Professor Tobias Wolff to Meet with White House About America’s Judicial Vacancy Crisis
University of Pennsylvania Law Professor Tobias Wolff and six other Pennsylvania legal and grassroots leaders will travel to Washington on Monday, May 7, to meet with White House officials about the vacancy crisis in America’s federal courts, including six vacancies and two “emergency” vacancies in Pennsylvania. Nearly one out of every ten federal judgeships remains vacant, and more than 250 million Americans live in a community with a courtroom vacancy.
The Pennsylvanians traveling to Washington along with Wolff are:
- William Ewing, National Employment Lawyers Association
- Jodi Hirsh, Pennsylvania Coordinator, People For the American Way
- Eleanor Levie, Advocacy Chair, National Council of Jewish Women, Greater Philadelphia Section
- Christine Stone, Board Member and Pennsylvania Public Affairs Chair, National Council of Jewish Women and Chair, Pennsylvania Coalition for Constitutional Values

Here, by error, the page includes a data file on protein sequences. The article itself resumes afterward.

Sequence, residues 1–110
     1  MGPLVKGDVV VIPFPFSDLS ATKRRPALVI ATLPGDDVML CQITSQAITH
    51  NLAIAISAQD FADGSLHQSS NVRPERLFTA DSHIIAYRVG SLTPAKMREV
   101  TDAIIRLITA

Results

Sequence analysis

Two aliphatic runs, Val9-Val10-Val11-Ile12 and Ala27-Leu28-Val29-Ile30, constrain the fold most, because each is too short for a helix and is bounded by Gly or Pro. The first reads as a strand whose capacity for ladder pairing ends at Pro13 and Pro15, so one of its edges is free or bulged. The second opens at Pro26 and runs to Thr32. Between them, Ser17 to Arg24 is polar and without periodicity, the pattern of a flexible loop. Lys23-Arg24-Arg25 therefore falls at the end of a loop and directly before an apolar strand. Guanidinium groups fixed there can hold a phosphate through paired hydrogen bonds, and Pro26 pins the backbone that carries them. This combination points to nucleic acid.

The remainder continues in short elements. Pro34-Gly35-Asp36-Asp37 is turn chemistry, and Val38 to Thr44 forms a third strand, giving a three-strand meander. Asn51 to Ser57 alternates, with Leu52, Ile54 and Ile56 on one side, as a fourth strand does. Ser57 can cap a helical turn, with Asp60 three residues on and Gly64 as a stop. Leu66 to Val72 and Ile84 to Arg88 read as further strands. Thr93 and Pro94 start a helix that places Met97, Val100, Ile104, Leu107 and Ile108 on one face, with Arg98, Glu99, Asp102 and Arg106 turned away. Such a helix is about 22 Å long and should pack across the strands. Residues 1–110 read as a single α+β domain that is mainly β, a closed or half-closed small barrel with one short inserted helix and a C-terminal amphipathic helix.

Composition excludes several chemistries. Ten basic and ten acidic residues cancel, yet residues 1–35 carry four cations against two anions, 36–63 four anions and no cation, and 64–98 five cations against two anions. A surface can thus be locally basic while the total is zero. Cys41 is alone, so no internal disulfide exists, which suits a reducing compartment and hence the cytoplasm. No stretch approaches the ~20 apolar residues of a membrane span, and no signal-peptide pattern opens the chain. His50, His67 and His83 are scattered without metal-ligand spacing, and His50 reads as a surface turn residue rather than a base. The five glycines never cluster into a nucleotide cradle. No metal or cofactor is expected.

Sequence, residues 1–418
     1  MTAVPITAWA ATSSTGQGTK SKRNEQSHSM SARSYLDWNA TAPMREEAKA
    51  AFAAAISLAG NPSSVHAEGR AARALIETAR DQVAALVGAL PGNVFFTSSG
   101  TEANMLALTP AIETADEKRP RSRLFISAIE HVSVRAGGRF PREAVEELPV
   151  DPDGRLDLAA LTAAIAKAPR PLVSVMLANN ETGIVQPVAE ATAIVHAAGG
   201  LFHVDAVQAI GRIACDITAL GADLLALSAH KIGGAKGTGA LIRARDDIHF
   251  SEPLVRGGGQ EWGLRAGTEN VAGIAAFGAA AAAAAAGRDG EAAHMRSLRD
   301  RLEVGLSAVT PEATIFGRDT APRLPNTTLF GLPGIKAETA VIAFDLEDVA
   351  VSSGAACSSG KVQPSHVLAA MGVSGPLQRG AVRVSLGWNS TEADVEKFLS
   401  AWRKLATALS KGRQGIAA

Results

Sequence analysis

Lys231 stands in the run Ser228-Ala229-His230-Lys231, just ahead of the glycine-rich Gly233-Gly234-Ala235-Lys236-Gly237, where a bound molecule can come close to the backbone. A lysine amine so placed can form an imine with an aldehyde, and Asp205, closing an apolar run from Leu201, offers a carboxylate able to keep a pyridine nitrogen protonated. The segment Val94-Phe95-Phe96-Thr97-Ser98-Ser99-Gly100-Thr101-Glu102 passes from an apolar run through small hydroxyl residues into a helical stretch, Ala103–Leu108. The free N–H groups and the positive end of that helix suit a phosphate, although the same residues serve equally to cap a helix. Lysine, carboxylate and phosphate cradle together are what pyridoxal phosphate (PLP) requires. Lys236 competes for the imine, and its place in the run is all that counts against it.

- Stella Tsai, Partner, Archer & Greiner, P.C.
- Twanda Turner-Hawkins, Vice President, National Bar Association
They will join 150 advocates from 27 states in a day of discussions with White House staff. A deal between Senate Republicans and Democrats to allow judicial nominations to proceed in the Senate expires May 7th, and the advocates are urging the Senate to hold final up-or-down votes on all pending nominees.
After the White House meeting, the advocates will visit the offices of key senators, including Senators Casey and Toomey, to urge them to work to end the delays that have plagued the Senate confirmation process since the beginning of the Obama presidency.
Despite the delays, the overwhelming majority of Obama’s nominees have garnered tremendous bipartisan support, such as Cathy Bissoon, Mark Hornak and Robert Mariani, who were confirmed to seats in Pennsylvania district courts by large bipartisan majorities in October.
The Pennsylvania delegation will also urge Senators Casey and Toomey to quickly recommend to the president nominees for Pennsylvania’s empty seats. They hope their conversations in Washington will help national leaders understand how harmful the confirmation delays have been to Americans who are seeking justice.